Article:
Mortality

Patients were enrolled at the time of COPD diagnosis and followed until the end of the study period or death. The time of death was recorded by year and month. The immediate cause of death in the death certificate was used to classify the cause of death, which was divided into pneumonia (J12-J18), chronic lower airway disease (J40-J47), lung cancer (C34), cardiovascular disease (I20-I25, I30-52), cerebrovascular disease (I60-69), diabetes mellitus (E10-14), and hypertension (I10-15) according to the Korean Standard Classification of Disease and Cause of Death-Sixth revision.

Statistical analysis

Descriptive statistics were performed for all variables. Annual COPD visits by sex and age were calculated. First visits with COPD were deemed newly diagnosed COPD and used for the incidence analysis. A Kaplan-Meier analysis was used to calculate overall survival of COPD by sex and age. The causes of death in COPD patients were also analyzed. All statistical analyses were performed with SAS software version 9.4 (SAS Institute, Cary, NC, USA).

RESULTS

Baseline demographics

Table 1 shows the baseline demographics of COPD patients. A total of 14,127 individuals were diagnosed with COPD between 2003 and 2015, and 58.8% of cases were males. Most patients were diagnosed with COPD between 70 and 79 years of age. COPD patients tended to have high socioeconomic status, urban residence, and a high Charlson comorbidity index. There was a total of 3,695 deaths (26.2%) in COPD patients during the study period.

Mortality rate

The number of individuals who were newly diagnosed with COPD varied slightly during 2003 to 2015, but the annual number did not show a significant trend toward increase or decrease. Table 2 shows the annual cumulative numbers of newly diagnosed COPD patients. The number of incidents was the lowest in 2006 at 1,164 and the highest in 2012 at 1,538. The absolute number of annual deaths in COPD patients also increased. The mean follow-up duration of the whole population was 51.9 ± 37.8 months. The mortality rates of all COPD patients 1 and 5 years after diagnosis were 9.5% and 25.4%, respectively. The mortality rates differed significantly by sex and age (Figs. 2 and 3). The 5-year mortality rate in males was 1.5 times higher than in females (29.9% vs. 19.1%). The mortality rate increased rapidly with age. The 5-year mortality rate grouped by age 40 to 49, 50 to 59, 60 to 69, 70 to 79, and 80 to 89 was 3.1%, 7.8%, 14.1%, 30.4%, and 55.1%, respectively.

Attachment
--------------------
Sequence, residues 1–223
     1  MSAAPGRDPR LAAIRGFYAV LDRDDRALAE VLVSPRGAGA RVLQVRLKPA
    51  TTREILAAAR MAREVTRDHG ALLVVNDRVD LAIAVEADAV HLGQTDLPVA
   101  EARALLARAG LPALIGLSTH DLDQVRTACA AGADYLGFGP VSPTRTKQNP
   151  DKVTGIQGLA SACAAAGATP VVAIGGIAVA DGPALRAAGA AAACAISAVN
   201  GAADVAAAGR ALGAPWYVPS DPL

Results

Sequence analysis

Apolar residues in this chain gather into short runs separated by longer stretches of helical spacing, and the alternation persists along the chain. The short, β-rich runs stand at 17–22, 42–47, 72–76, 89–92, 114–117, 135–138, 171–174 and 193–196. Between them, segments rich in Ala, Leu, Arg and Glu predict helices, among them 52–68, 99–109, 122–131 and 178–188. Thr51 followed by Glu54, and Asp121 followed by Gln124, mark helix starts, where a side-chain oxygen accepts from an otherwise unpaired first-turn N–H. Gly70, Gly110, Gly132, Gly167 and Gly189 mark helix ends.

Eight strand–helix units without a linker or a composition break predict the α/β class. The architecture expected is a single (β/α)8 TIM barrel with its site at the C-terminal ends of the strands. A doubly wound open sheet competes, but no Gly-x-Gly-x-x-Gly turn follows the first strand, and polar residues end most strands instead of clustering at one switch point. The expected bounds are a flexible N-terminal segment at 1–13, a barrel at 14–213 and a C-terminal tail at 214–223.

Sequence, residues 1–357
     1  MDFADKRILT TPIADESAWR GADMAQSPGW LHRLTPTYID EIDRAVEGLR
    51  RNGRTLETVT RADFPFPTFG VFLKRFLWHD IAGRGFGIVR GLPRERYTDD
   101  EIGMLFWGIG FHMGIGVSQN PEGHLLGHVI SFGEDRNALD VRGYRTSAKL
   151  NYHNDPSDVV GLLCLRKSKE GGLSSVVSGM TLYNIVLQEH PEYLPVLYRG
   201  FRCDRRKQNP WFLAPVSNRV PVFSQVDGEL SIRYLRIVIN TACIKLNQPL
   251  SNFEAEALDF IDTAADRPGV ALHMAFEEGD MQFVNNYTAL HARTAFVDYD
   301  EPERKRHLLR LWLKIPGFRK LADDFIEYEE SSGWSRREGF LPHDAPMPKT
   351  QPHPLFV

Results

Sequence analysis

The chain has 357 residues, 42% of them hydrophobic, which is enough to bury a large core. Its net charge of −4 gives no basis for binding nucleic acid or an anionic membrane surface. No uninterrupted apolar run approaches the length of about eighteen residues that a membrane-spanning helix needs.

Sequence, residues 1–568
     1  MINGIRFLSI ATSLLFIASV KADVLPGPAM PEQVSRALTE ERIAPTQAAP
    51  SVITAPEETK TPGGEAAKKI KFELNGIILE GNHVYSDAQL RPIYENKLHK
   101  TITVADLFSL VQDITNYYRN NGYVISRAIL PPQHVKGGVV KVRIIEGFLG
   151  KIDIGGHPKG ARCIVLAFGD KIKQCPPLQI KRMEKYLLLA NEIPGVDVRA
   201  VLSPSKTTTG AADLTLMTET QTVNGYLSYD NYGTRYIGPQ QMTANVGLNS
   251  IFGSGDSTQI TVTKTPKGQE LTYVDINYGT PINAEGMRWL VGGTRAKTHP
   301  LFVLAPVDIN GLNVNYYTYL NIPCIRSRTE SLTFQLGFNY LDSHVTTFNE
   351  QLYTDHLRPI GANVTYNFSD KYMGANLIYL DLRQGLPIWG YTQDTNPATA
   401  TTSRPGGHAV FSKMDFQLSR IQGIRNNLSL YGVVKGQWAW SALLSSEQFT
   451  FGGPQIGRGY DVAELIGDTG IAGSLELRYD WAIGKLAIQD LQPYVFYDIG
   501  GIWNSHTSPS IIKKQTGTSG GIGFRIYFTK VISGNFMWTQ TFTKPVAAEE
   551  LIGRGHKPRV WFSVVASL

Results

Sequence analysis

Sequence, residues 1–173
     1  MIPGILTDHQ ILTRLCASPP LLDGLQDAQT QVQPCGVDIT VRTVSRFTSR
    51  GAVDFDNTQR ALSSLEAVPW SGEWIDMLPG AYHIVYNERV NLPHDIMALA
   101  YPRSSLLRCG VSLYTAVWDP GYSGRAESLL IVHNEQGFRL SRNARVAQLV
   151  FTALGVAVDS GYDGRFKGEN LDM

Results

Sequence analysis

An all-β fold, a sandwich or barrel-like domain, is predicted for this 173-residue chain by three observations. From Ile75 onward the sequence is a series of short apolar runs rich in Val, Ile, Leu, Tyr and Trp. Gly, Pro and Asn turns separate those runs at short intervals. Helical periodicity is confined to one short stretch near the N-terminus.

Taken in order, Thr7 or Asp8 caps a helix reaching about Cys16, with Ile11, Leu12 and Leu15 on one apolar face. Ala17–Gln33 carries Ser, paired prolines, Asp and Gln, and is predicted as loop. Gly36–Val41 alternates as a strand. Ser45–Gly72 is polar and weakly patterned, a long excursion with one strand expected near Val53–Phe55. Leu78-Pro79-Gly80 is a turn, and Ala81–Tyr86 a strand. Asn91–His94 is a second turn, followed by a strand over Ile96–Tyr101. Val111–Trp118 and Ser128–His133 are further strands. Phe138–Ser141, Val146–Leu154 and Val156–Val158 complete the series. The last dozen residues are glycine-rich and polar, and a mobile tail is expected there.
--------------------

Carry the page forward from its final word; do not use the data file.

Causes of death

The most common causes of death in COPD were chronic lower respiratory disease (17.5%), lung cancer (15.1%), cardiovascular disease (8.3%), and cerebrovascular disease (6.5%) (Fig. 4). Lung cancer was the most common cause of death in men. Cardiovascular disease and cerebrovascular disease were common in women.

DISCUSSION

This is the first study to describe long-term mortality in COPD patients using a large population-based cohort in Korea. The 5-year mortality rate of COPD was 25.4%. The mortality rate was higher in males (29.9 % vs. 19.1%). The common causes of death in COPD were chronic lower respiratory disease, lung cancer, cardiovascular disease, and cerebrovascular disease.
Although the prevalence of COPD is well known in Korea, associated mortality has not previously been described. Globally, the prevalence of COPD is estimated as 11.7% [8]. The prevalence in Korea was 13.4% in those over 40 years of age in 2008, 19.4% in males, and 7.9% in females [9]. Although the mortality rate of COPD has not previously been reported in Korea, annual statistics on causes of death in Korea have included the mortality rate of chronic lower airway disease [10]. Based on that report, the mortality rate of chronic lower airway disease has not change significantly over the past decade (from 14.4/100,000 in 2006 to 14.1/100,000 in 2014), and only 2.7% of all deaths in Korea are due to chronic lower airway disease. Chronic lower airway disease includes bronchitis, emphysema, COPD, asthma, and bronchiectasis according to the Korean Standard Classification of Disease and Cause of Death; accordingly, the reported mortality from pure COPD in Korea is very low.